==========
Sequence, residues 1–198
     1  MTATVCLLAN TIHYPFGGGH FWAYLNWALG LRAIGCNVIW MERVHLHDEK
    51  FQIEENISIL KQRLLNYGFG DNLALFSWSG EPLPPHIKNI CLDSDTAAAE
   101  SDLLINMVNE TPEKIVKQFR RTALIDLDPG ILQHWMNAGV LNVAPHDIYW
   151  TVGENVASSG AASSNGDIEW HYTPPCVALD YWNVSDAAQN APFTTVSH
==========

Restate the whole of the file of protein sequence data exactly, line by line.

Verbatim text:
Sequence, residues 1–198
     1  MTATVCLLAN TIHYPFGGGH FWAYLNWALG LRAIGCNVIW MERVHLHDEK
    51  FQIEENISIL KQRLLNYGFG DNLALFSWSG EPLPPHIKNI CLDSDTAAAE
   101  SDLLINMVNE TPEKIVKQFR RTALIDLDPG ILQHWMNAGV LNVAPHDIYW
   151  TVGENVASSG AASSNGDIEW HYTPPCVALD YWNVSDAAQN APFTTVSH